Eurotunnel profits may yield early dividend

EUROTUNNEL yesterday raised hopes among its long-suffering shareholders that it could start paying a dividend earlier than planned after reporting its first bottom-line profit.

The Channel Tunnel operator made a net profit of pounds 64m last year after realising a one-off pounds 279m gain following the completion of its mammoth debt restructuring.

Even at the operating level Eurotunnel comfortably beat its own targets, recording a pounds 184m profit - a three-fold increase on 1997 and a 50 per cent improvement on the forecast contained in its debt restructuring prospectus. Underlying losses, after interest, fell from pounds 611m in 1997 to pounds 215m.

On the current schedule Eurotunnel is not due to start paying its 730,000 shareholders a dividend until 2006. But Georges-Christian Chazot, the group managing director, said yesterday: "Our objective is to bring that date forward. I would not like to make a forecast but we are working towards that goal."

Patrick Ponsolle, the chairman of the Anglo-French group, pledged that operating profits this year would at least meet the prospectus forecast of pounds 205m to pounds 210m.

But with traffic levels up 12 per cent already this year and a 20 per cent increase in car shuttle prices taking effect in the summer, analysts expect Eurotunnel to beat that target, even if duty-free sales are abolished in July.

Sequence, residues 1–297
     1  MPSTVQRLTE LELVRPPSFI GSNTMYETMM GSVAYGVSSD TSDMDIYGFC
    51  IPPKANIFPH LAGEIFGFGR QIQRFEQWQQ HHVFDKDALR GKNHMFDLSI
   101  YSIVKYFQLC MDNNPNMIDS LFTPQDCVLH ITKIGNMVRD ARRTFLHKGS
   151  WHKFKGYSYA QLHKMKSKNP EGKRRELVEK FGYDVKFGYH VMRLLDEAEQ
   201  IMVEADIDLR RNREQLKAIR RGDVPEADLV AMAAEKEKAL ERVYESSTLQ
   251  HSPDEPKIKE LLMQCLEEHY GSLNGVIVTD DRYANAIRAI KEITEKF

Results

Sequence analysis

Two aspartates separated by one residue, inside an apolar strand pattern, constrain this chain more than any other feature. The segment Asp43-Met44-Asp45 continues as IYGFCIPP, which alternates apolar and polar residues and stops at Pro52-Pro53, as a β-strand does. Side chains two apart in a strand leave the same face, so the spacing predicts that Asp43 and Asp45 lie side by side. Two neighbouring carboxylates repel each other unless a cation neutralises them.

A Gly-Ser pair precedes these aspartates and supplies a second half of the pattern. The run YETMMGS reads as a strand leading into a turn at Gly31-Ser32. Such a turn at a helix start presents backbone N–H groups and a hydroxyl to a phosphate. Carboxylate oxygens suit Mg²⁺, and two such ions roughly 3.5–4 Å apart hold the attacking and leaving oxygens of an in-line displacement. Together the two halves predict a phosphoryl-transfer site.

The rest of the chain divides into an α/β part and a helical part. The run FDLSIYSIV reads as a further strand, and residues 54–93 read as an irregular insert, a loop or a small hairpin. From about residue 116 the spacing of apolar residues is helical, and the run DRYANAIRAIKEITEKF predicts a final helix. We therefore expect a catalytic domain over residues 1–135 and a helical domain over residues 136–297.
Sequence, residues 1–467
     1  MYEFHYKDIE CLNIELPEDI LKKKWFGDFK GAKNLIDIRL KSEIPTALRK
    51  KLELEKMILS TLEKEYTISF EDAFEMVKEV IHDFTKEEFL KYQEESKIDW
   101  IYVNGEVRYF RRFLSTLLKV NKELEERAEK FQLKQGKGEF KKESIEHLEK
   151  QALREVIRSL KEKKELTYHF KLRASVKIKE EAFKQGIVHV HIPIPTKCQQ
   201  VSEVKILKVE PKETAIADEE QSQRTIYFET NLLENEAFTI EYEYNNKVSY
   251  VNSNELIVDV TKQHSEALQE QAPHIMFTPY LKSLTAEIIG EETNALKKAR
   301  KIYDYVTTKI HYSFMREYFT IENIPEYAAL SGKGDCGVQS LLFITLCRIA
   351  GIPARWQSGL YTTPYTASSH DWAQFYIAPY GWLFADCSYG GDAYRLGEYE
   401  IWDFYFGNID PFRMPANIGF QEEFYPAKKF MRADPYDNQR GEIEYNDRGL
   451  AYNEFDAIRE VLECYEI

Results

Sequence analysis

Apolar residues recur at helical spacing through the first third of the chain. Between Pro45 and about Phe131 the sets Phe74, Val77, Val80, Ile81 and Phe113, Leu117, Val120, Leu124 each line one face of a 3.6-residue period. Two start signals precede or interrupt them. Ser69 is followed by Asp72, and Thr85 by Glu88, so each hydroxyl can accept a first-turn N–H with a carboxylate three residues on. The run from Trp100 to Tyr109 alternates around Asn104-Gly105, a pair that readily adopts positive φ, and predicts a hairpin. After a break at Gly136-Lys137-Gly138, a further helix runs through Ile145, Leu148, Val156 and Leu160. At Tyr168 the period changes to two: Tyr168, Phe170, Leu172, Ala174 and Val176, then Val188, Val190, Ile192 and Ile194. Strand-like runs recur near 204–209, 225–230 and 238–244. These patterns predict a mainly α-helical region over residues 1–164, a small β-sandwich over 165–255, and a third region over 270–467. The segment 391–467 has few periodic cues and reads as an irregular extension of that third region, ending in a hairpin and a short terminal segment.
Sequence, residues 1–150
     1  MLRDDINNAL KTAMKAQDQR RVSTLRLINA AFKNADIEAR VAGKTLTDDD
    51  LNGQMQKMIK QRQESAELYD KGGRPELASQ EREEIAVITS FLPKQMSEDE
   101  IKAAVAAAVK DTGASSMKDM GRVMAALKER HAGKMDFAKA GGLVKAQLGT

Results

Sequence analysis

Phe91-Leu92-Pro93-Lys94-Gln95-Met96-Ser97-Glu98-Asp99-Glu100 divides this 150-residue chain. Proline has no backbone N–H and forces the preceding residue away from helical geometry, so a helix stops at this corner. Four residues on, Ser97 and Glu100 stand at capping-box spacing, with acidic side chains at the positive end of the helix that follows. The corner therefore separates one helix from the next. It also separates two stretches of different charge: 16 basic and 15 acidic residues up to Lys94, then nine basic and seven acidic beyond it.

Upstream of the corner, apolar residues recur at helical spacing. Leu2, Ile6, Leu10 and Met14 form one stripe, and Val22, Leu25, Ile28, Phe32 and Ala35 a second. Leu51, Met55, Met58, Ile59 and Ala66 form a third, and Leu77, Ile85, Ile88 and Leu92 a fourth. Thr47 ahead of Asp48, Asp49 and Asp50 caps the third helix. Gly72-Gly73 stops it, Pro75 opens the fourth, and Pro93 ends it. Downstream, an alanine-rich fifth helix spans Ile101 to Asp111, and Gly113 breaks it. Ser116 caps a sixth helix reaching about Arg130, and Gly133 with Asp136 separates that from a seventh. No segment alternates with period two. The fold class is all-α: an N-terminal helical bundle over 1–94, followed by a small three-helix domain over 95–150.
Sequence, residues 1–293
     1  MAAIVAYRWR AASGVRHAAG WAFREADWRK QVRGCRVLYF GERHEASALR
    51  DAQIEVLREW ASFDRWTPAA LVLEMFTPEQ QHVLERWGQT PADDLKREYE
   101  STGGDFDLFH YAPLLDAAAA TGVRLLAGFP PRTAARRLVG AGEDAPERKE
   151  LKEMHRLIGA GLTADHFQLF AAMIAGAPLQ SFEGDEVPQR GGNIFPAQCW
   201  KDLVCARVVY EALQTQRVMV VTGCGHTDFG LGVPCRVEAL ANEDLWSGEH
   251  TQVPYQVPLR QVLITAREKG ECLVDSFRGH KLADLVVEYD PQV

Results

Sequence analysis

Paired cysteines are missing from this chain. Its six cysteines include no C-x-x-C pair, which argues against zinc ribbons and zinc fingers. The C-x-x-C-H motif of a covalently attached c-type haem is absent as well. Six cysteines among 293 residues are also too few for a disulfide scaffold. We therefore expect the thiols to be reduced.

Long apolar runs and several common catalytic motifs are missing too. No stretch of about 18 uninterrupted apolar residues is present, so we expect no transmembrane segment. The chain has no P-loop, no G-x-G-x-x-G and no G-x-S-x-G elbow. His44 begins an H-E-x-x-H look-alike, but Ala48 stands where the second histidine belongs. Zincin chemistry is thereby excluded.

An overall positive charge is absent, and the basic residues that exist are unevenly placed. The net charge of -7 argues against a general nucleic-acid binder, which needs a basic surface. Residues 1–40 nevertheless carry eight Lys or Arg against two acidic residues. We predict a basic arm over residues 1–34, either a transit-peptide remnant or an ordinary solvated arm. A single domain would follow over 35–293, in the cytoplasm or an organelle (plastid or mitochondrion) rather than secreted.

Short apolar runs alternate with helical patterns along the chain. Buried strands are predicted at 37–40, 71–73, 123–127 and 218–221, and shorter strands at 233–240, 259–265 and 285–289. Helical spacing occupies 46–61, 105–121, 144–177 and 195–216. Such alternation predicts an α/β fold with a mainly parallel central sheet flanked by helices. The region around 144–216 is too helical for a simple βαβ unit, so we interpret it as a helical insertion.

Eurotunnel also announced plans to cut its interest payments further by offering to redeem early pounds 936m of equity notes that it exchanged for borrowings last year as part of the restructuring of its pounds 8bn debt mountain.

The equity notes pay interest at 4.45 per cent. If all 645 million notes are redeemed early, then Eurotunnel will save pounds 40m on its annual interest bill.

The notes are due to be redeemed for shares on a one-for-one basis by January 2004. But they have been trading at a significant discount to their underlying value since they were issued. Eurotunnel is now offering to exchange them on the basis of 1.3 notes for one new share.

Turnover rose by 26 per cent last year to more than pounds 670m as Eurotunnel increased its share of the Dover-Calais cross-channel market, capturing 52 per cent of all car passengers and 37 per cent of freight business.

Income from its shuttle services was 87 per cent higher at pounds 210m, while the Eurostar passenger service linking London Paris and Brussels and the through-freight business brought in pounds 213m. Retailing, including duty-free, brought in pounds 195m.

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